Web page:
When I was in high school, we read The Catcher in the Rye. Of course we did. It seems like every school in the Western world does, or every school that has enough money to at least pretend to try and #educate (education system reforms is a topic that is way too big and broad to get into, and which will frankly make me too angry to continue writing).
It was assigned in Hebrew, of course, since I studied in #Israel, as I've said, but I read it in English, because as a kid brought up bilingual, I refused to read translations when I didn't have to.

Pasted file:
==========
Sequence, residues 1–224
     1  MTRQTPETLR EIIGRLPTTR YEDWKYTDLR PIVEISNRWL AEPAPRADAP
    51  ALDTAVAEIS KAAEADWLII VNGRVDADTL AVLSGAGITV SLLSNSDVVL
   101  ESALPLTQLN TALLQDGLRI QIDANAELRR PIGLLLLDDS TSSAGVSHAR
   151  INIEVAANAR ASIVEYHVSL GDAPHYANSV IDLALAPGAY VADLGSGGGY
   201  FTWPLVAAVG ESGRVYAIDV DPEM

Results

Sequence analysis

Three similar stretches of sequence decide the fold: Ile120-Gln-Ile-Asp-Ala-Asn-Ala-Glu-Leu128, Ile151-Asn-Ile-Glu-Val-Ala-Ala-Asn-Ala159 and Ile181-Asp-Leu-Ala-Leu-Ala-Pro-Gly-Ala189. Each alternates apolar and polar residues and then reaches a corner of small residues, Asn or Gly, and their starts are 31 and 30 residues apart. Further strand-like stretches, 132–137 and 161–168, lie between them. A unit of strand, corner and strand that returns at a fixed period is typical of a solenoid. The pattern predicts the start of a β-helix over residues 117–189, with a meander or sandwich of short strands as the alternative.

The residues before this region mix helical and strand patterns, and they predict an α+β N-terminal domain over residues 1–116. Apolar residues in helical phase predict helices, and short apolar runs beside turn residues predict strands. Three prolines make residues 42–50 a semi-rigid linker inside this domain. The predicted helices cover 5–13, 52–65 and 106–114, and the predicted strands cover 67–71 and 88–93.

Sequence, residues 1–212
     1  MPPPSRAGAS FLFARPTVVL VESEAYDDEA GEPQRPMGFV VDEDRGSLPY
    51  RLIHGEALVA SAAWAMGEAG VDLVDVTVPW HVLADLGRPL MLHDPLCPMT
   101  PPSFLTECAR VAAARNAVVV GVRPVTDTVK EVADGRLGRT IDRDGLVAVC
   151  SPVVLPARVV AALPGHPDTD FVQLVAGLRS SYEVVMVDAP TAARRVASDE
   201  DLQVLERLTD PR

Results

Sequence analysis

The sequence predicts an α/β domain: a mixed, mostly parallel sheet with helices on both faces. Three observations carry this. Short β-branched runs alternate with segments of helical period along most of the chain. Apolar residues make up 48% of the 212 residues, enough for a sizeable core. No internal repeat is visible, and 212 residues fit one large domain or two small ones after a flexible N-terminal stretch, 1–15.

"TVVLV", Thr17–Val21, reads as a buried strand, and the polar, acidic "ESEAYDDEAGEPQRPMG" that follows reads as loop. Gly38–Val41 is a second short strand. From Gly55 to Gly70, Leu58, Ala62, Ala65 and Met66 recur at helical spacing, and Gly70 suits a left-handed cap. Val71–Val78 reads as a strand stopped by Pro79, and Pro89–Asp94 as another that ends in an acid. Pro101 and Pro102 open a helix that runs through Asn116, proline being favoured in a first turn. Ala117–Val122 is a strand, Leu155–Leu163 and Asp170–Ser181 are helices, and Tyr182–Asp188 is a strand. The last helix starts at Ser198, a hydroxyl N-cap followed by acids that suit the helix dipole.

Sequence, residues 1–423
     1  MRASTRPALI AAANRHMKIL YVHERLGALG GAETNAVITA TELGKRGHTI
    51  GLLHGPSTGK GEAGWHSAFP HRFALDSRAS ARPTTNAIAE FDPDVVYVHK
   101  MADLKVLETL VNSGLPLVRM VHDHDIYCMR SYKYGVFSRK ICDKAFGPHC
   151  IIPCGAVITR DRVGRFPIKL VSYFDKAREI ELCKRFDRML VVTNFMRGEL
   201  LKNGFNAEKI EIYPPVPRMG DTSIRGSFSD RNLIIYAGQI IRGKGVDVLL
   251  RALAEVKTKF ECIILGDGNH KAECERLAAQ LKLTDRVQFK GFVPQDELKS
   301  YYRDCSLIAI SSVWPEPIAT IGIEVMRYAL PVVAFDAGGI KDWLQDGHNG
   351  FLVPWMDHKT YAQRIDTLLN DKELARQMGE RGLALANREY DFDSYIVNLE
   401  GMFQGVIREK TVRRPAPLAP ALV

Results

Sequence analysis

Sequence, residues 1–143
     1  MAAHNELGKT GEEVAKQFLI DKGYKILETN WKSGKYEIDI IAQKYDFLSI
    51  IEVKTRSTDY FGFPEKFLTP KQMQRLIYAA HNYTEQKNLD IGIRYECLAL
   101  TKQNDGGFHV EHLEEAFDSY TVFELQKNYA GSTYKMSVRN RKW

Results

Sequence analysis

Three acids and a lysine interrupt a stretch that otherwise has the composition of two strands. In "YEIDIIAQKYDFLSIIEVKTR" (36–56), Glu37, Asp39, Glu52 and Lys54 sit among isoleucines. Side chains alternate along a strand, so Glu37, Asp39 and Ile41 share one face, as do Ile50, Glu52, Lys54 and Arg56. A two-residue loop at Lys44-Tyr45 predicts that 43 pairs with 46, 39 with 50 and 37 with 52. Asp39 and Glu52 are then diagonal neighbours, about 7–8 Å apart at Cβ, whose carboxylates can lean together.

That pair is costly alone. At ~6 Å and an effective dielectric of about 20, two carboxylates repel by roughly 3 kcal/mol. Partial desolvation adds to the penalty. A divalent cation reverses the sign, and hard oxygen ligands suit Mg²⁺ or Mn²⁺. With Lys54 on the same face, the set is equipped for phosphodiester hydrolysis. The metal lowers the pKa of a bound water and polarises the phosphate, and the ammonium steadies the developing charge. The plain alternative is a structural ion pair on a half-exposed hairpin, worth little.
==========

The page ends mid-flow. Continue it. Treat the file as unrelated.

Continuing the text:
At the end of J. D. Salinger's famous #novel, we know that Holden is sick, and that he's in some kind of hospital and seeing a doctor who sounds like a psychiatrist (or maybe he says the doctor is a psychiatrist? It's been too long since I read this book, but that's not the point).
I was told that this wasn't the correct interpretation for the test and that it didn't really matter what I thought because if I tried using my answer in the literature Bagrut (Israel's version of a baccalaureate) I'd lose points. There was no debate, no interest in exploring different ways of looking at the novel. There was a correct answer and an incorrect one. We didn't discuss even the simplest of questions:
I was, and still am, infuriated.